Emerging markets (EMs) account for a big chunk of pharmaceutical revenue. For example, they account for 34 percent of sales at Sanofi and 26 percent at Novartis. In China, potentially the largest EM, the government has started a determined effort to reduce health-care spending. Even where drugs have already made it onto approved lists, buyers can use those prices as the starting point for a second round of bidding. At the same time, the government there has set targets mandating that hospitals get drug spending within a set percentage of their total budget. The reforms have removed incentives that pushed high levels of drug use and the selection of expensive products at Chinese hospitals. In their place, policies now favor using cheaper generics and brands made by Chinese companies, rather than those from international pharmas.

The second current trend that prompts pharma's price gouging is the increasing difficulty faced by companies in promoting their brands to the industry's traditional customer base. Individual prescribers still constitute the vast majority of pharma's customers, but here in the U.S., where pharma companies earn most of their profits, more than half of physician practices – for the first time – restrict reps' access to prescribers. In some specialties, only one in 5 doctors are rep-friendly. In 2012 only 35 percent of U.S. physician practices put tight restrictions on pharma sales staff, but as of this spring, 53 percent limit reps' access.

Hospital-based Integrated Delivery Networks (IDNs) continue to buy medical practices and those organizations face-growing prospects that their revenues will be based on cost-effectiveness outcomes instead of self-managed fees for service. That makes IDNs reluctant to let their employee physicians fall under the influence of pharma reps that seek to promote high-priced brands.

In some of the specialties such as oncology, where pharma is focusing its product development, practices have become especially restrictive to drug reps. Seventy-three percent of oncology practices now limit reps' access to prescribers.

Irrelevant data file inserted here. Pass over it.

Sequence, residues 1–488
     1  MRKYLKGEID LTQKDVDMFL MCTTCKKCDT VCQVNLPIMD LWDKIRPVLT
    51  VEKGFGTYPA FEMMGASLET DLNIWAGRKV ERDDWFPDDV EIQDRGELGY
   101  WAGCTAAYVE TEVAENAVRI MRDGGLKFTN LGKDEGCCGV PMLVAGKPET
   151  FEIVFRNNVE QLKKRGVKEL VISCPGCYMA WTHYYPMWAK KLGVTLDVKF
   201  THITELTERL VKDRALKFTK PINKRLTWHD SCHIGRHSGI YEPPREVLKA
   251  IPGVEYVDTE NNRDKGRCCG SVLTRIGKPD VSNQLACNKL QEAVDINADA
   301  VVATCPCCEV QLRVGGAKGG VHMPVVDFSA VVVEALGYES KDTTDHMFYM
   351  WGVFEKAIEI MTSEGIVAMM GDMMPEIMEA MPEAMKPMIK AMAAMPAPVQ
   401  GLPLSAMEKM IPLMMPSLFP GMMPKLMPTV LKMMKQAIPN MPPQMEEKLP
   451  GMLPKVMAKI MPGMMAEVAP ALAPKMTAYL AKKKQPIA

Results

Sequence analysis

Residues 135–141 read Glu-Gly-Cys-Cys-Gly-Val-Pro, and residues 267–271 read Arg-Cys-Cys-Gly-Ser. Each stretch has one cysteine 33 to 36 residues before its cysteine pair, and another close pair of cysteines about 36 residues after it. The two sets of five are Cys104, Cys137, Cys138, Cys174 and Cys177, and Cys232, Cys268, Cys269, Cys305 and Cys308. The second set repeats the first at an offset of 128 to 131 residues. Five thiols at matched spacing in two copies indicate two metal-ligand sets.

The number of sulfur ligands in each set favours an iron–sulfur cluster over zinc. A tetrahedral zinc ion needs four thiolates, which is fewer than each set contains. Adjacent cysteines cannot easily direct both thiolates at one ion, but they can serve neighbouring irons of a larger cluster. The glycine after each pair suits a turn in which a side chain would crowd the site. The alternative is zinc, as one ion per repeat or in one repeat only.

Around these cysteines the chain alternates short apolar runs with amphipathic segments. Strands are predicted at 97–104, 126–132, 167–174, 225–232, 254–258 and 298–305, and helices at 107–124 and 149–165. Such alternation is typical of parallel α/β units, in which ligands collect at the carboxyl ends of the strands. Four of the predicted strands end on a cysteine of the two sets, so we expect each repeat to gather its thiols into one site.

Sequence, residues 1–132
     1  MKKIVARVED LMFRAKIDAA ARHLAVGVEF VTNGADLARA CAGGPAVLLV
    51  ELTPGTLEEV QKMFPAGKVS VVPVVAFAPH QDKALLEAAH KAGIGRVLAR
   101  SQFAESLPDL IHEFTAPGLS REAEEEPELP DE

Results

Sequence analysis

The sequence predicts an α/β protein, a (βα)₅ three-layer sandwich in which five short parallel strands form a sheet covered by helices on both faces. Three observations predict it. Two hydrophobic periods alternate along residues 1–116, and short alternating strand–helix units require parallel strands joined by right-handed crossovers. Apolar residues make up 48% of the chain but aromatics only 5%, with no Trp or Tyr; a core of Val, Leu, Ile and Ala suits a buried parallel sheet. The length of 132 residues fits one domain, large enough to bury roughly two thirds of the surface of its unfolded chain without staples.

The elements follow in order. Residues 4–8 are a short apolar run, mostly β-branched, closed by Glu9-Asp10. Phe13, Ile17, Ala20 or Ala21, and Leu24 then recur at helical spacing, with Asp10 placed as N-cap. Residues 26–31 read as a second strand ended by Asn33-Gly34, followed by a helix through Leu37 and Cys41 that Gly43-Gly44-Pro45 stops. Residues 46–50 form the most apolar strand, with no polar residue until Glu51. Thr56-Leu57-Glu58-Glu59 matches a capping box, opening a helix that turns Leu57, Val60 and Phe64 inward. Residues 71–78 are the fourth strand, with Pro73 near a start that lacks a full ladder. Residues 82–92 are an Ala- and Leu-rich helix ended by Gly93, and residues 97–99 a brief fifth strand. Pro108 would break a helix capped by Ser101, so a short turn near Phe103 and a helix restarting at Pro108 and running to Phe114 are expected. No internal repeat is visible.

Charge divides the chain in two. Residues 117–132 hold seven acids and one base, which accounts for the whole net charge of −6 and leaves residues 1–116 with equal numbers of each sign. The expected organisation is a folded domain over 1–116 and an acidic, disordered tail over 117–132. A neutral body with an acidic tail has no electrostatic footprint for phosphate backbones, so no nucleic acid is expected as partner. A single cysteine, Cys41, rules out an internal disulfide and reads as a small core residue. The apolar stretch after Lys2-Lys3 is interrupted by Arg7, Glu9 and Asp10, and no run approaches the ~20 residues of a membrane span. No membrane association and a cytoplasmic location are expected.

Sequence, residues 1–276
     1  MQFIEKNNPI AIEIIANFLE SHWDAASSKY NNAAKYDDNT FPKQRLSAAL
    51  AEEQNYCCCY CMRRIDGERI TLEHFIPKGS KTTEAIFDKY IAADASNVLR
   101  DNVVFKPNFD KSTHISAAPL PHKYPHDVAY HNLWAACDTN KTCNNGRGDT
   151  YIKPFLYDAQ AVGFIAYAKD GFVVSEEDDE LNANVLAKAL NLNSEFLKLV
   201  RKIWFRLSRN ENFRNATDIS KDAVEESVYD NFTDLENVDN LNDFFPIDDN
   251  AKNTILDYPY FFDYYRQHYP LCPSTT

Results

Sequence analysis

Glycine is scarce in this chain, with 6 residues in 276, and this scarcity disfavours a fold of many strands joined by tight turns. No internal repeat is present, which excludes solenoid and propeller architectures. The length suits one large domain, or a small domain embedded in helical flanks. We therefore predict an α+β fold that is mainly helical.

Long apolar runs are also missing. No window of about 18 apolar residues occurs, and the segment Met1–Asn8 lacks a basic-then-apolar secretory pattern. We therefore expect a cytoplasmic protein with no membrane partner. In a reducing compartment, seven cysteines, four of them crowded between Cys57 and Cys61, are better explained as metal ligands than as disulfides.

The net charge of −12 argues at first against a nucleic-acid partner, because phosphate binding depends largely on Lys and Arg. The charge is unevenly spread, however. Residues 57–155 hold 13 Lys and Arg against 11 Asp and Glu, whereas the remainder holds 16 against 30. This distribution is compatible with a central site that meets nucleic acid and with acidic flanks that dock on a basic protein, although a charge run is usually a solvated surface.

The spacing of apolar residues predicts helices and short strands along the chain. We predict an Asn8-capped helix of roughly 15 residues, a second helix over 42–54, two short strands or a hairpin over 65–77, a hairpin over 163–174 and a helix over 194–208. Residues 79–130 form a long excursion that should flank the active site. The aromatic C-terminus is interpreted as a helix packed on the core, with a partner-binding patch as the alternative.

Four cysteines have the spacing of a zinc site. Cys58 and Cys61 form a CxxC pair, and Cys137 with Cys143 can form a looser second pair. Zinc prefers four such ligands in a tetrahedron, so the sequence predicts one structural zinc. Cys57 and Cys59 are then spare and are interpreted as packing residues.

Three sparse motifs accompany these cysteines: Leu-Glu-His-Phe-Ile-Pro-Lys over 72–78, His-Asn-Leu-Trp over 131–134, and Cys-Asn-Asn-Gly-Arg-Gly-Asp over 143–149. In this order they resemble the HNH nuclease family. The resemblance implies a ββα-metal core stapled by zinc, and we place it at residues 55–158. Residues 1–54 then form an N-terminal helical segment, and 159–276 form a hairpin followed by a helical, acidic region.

Finally, in many therapeutic categories outside of oncology, an inexorable trend that prompts price gouging is the collapsing me-too pillar of pharma's business model. That consists of a system in which the second, third and later product entrants into a therapeutic class are able to price their brands comparable to the first competitor, despite the fact that the followers' clinical profiles appear no better. The arrangement amounts to cartel pricing as part of an oligopoly. For decades the industry maintained that "it takes the me-too's to pay for the breakthroughs."

Thanks to aggressive formulary management by Pharmacy Benefits Managers (PBMs) such as Express Scrips, CVS/Caremark and Optum, that practice is being disrupted in categories such as diabetes and respiratory. The presence of many competitors allows PBMs to demand price discounts. Late-to-market brands that lack better outcomes must either offer price reductions or run the risk insurers won't cover them.

More astonishing than the price increase of Daraprim was CEO Shkreli's explanation for it.

"I'm a capitalist," he told CBS reporter Don Dahler. "I'm trying to create a big drug company, a successful drug company, a profitable drug company."

Shkreli is a former hedgefund manager and there was a time when pharma's George Mercks, Josiah Lillys and William Upjohns would have considered his approach to their industry as inexcusable. Sad to say it, but these days Shkreli is the sort of guy that many of pharma's current CEOs want to be when they grow up.